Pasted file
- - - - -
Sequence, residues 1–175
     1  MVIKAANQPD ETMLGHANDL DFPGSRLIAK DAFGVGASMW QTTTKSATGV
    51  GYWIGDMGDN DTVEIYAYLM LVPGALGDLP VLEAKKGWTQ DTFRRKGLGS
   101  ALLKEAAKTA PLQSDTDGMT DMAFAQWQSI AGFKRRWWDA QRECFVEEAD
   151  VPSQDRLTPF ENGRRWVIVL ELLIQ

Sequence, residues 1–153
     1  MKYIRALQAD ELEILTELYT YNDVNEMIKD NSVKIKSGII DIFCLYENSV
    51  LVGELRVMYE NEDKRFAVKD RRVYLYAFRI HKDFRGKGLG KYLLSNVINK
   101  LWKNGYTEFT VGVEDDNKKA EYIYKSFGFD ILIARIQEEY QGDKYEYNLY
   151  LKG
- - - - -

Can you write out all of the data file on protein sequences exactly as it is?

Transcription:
Sequence, residues 1–175
     1  MVIKAANQPD ETMLGHANDL DFPGSRLIAK DAFGVGASMW QTTTKSATGV
    51  GYWIGDMGDN DTVEIYAYLM LVPGALGDLP VLEAKKGWTQ DTFRRKGLGS
   101  ALLKEAAKTA PLQSDTDGMT DMAFAQWQSI AGFKRRWWDA QRECFVEEAD
   151  VPSQDRLTPF ENGRRWVIVL ELLIQ

Sequence, residues 1–153
     1  MKYIRALQAD ELEILTELYT YNDVNEMIKD NSVKIKSGII DIFCLYENSV
    51  LVGELRVMYE NEDKRFAVKD RRVYLYAFRI HKDFRGKGLG KYLLSNVINK
   101  LWKNGYTEFT VGVEDDNKKA EYIYKSFGFD ILIARIQEEY QGDKYEYNLY
   151  LKG